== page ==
Format

Send to

Choose Destination
Arch Phys Med Rehabil. 2017 Jan;98(1):137-150. doi: 10.1016/j.apmr.2016.07.006. Epub 2016 Jul 30.

Gait Retraining With Real-Time Biofeedback to Reduce Knee Adduction Moment: Systematic Review of Effects and Methods Used.

Author information

1
Department of Rehabilitation Medicine, MOVE Research Institute, VU University Medical Center, Amsterdam, The Netherlands. Electronic address: r.richards@vumc.nl.
2
Department of Rehabilitation Medicine, MOVE Research Institute, VU University Medical Center, Amsterdam, The Netherlands.
3
Department of Rehabilitation Medicine, EMGO Institute for Health and Care Research, VU University Medical Center, Amsterdam, The Netherlands.

Abstract

OBJECTIVE:

To review the current literature regarding methods and effects of real-time biofeedback used as a method for gait retraining to reduce knee adduction moment (KAM), with intended application for patients with knee osteoarthritis (KOA).

DATA SOURCES:

Searches were conducted in MEDLINE, Embase, CINAHL, SPORTDiscus, Web of Science, and Cochrane Central Register of Controlled Trials with the keywords gait, feedback, and knee osteoarthritis from inception to May 2015.

STUDY SELECTION:

Titles and abstracts were screened by 1 individual for studies aiming to reduce KAM. Full-text articles were assessed by 2 individuals against predefined criteria.

DATA EXTRACTION:

Data were extracted by 1 individual according to a predefined list, including participant demographics and training methods and effects.

DATA SYNTHESIS:

Electronic searches resulted in 190 potentially eligible studies, from which 12 met all inclusion criteria. Within-group standardized mean differences (SMDs) for reduction of KAM in healthy controls ranged from .44 to 2.47 and from .29 to .37 in patients with KOA. In patients with KOA, improvements were reported in pain and function, with SMDs ranging from .55 to 1.16. Methods of implementation of biofeedback training varied between studies, but in healthy controls increased KAM reduction was noted with implicit, rather than explicit, instructions.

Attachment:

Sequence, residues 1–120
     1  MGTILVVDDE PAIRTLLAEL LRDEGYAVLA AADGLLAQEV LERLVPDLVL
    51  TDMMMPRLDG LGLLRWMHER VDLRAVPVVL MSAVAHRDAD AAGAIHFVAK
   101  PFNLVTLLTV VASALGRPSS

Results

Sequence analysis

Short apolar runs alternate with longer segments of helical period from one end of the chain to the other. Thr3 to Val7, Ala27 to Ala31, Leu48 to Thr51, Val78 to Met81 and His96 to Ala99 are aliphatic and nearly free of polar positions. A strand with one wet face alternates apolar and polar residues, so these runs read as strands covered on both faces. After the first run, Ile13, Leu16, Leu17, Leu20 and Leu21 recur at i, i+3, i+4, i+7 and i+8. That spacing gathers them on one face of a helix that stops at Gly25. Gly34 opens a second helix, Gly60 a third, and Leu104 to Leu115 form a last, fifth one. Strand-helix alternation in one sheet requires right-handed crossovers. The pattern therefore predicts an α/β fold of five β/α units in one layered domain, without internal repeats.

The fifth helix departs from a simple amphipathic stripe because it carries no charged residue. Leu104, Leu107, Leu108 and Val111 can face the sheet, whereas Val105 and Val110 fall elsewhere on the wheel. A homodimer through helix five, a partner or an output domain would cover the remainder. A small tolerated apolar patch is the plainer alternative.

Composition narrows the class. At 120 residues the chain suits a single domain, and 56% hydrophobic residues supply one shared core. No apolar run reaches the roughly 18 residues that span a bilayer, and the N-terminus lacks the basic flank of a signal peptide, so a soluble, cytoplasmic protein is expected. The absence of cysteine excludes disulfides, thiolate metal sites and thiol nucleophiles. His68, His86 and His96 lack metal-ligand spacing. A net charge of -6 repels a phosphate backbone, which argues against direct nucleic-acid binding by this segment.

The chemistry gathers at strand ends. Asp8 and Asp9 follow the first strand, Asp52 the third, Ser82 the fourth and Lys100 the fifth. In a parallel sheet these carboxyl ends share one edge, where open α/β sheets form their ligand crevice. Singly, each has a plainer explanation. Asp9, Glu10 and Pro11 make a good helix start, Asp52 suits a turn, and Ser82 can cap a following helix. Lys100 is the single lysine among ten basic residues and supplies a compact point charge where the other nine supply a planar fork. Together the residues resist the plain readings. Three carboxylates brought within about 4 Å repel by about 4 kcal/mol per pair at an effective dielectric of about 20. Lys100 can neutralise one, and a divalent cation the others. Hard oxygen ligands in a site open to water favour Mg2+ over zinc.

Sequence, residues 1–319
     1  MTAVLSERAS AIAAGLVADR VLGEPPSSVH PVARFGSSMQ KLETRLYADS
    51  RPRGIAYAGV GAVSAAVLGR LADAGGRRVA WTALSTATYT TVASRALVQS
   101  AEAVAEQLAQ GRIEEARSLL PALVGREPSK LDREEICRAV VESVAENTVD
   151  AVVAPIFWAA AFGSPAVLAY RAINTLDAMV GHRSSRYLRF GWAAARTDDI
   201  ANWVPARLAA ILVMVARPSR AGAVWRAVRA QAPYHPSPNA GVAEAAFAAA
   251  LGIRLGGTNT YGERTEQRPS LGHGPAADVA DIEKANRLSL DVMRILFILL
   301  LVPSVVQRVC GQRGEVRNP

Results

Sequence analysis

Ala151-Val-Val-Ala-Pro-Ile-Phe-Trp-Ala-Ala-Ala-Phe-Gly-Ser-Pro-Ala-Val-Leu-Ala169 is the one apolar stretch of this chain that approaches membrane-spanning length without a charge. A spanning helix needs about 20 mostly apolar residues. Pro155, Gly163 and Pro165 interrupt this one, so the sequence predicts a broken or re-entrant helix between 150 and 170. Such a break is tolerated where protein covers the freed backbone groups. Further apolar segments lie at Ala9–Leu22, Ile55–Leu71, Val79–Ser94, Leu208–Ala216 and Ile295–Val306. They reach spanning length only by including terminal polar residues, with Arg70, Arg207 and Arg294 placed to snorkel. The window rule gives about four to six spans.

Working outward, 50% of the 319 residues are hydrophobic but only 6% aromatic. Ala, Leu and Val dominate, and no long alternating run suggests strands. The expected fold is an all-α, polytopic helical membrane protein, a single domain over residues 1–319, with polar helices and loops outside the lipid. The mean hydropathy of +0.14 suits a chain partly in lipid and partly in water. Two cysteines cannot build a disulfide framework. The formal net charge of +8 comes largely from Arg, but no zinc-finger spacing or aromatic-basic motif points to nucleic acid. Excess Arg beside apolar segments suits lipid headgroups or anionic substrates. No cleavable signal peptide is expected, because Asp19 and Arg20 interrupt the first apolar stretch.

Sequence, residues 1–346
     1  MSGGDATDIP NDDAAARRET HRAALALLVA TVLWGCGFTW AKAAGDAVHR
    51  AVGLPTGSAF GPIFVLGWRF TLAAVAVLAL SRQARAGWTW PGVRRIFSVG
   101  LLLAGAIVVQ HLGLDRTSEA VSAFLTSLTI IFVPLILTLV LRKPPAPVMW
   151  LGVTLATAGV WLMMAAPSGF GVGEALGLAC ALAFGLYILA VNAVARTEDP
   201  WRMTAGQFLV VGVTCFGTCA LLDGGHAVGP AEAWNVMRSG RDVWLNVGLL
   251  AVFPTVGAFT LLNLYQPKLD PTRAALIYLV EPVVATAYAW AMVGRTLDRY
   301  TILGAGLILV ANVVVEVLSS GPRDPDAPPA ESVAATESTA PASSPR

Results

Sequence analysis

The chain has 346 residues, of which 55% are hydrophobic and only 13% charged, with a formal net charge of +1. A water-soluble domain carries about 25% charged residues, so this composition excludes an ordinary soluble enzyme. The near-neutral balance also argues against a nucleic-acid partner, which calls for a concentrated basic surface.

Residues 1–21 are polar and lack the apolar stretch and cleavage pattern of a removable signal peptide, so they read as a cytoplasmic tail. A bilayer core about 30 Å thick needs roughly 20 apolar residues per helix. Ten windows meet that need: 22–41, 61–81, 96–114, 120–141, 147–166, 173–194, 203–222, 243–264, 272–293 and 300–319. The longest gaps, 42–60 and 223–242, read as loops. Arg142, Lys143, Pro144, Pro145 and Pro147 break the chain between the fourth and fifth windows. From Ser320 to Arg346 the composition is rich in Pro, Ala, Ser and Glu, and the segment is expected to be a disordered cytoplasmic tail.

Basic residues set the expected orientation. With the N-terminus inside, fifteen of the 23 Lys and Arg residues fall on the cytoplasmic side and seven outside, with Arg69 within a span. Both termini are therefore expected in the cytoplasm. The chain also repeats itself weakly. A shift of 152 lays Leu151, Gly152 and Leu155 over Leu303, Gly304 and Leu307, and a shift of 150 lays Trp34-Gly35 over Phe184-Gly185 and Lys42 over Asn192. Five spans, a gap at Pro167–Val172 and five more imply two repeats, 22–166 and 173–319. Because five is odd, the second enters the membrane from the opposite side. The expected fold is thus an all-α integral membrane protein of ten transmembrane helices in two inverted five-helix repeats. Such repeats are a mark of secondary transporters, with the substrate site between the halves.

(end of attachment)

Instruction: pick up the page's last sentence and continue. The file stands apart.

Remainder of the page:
CONCLUSIONS:

This review suggests that biofeedback gait training is effective primarily for reducing KAM but also for reducing pain and improving function in patients with KOA. The review was limited by the small number of studies featuring patients with KOA and the lack of controlled studies. The results suggest there is value and a need in further researching biofeedback training for reducing KAM. Future studies should include larger cohorts of patients, long-term follow-up, and controlled trials.

KEYWORDS:

Gait; Osteoarthritis, knee; Rehabilitation

PMID:
27485366
DOI:
10.1016/j.apmr.2016.07.006
[Indexed for MEDLINE]

Supplemental Content

Full text links

Icon for Elsevier Science
Loading ...
Support Center